Making shipping greener will be a key item on the agenda for the administration of US President Joe Biden at the next annual climate talks by world leaders, a US official said.
Jane Lubchenco, deputy director for climate and environment at the White House Office of Science and Technology Policy, told the Global Maritime Forum’s annual summit that presidential climate envoy John Kerry’s Green Shipping challenge will be one of the US government’s key initiatives at the COP27 conference in November.
“We are working hard to ensure that green shipping is a highlight of COP27,” she said. “We’re really elevating the importance of this.”
This year’s event, formally known as the Conference of the Parties of the climate treaty UNFCCC, will see officials from nations around the world meet in the Egyptian resort of Sharm El-Shiekh.
The White House announced the Green Shipping Challenge in June, calling on governments, ports, carriers, cargo owners and others to bring forward concrete proposals to push the industry towards zero emissions in 2050.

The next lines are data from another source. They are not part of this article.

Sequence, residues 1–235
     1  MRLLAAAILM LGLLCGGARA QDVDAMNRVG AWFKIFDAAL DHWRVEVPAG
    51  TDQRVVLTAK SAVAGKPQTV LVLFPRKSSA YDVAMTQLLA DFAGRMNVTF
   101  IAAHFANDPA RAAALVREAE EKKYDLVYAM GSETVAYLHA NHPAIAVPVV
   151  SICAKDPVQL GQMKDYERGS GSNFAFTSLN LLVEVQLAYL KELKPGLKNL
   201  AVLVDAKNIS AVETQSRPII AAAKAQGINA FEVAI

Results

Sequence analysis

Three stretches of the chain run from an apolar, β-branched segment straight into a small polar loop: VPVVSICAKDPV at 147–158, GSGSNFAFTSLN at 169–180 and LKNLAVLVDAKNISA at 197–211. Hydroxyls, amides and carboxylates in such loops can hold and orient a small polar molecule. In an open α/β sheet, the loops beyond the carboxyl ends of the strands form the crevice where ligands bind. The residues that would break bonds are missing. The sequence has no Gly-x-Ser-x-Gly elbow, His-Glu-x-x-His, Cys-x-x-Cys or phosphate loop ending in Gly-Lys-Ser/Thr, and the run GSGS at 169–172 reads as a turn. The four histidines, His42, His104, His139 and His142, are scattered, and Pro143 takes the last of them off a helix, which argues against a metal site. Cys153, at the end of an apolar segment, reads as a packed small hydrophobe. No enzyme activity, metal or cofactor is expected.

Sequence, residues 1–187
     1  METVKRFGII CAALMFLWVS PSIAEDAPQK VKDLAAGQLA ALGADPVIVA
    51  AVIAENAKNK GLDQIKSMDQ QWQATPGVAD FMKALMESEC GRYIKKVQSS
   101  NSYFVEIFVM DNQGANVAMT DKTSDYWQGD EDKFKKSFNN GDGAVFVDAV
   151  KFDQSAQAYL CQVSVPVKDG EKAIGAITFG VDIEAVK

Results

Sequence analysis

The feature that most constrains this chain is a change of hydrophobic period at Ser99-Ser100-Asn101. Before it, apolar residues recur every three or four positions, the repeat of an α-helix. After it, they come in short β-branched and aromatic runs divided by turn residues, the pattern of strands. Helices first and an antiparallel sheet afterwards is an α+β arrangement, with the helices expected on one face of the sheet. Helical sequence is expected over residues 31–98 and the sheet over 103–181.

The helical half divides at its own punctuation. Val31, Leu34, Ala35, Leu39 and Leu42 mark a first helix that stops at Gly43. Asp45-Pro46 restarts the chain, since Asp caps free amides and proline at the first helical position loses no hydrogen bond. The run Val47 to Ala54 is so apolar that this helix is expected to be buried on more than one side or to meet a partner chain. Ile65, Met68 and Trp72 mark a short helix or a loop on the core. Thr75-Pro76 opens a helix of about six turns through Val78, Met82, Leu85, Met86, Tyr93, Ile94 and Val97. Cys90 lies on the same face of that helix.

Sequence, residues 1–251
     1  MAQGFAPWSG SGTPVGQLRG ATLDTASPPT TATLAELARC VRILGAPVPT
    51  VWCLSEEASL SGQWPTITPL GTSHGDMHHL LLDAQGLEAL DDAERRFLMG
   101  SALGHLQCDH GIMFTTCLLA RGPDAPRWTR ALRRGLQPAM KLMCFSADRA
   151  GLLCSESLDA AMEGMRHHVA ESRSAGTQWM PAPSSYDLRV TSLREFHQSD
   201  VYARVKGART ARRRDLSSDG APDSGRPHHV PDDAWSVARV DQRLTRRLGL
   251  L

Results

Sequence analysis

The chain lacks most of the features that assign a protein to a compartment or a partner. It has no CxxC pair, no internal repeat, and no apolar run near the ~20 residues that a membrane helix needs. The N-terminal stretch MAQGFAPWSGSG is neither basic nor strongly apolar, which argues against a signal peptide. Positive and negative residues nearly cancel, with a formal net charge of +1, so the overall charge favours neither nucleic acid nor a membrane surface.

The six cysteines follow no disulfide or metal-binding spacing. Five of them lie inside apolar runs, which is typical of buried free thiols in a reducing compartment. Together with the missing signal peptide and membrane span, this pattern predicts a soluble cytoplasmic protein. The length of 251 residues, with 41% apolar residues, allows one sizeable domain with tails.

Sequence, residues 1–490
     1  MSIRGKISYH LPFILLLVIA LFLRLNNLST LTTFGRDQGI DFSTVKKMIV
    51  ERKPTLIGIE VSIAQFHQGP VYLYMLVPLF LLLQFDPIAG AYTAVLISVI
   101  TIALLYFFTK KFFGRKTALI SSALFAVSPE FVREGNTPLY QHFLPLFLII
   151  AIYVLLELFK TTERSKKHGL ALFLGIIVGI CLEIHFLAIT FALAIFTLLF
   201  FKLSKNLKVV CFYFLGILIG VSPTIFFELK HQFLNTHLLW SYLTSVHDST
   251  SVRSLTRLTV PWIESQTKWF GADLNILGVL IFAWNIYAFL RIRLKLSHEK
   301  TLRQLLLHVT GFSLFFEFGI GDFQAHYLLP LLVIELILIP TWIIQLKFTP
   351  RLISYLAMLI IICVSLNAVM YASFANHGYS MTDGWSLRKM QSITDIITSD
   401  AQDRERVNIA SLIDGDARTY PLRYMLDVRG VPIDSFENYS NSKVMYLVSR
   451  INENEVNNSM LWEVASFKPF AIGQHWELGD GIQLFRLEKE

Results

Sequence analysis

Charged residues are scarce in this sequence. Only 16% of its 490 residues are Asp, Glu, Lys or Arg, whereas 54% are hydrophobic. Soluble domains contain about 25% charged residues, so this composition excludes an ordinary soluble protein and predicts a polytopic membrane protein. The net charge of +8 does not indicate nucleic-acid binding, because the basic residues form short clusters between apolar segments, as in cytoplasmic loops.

The launch cited one of Kerry’s favourite lines about shipping that Lubchenco repeated at the summit: if the industry were a country, it would be the world’s eighth largest greenhouse gas emitter.
She said the initiative’s announcements might focus on the deployment of zero-emissions vessels, production of green fuels or the launching of green corridors.
At the COP26 conference in Glasgow last year, the US was one of a coalition of nations that signed a declaration aiming for zero-carbon shipping by 2050 and the Clydebank Declaration on Green Shipping Corridors, and it launched the First Movers Coalition aiming to use the purchasing power of companies to push decarbonisation of hard-to-abate industries.
Lubchenco also highlighted the funding opportunities made available by the Bipartisan Infrastructure Bill.
“The Biden administration has made it a priority to keep the 1.5-degree target within reach,” she said. “That is what we need to be doing. It’s not easy. It’s really important. And international shipping continues to be a key sector enabling that to happen.”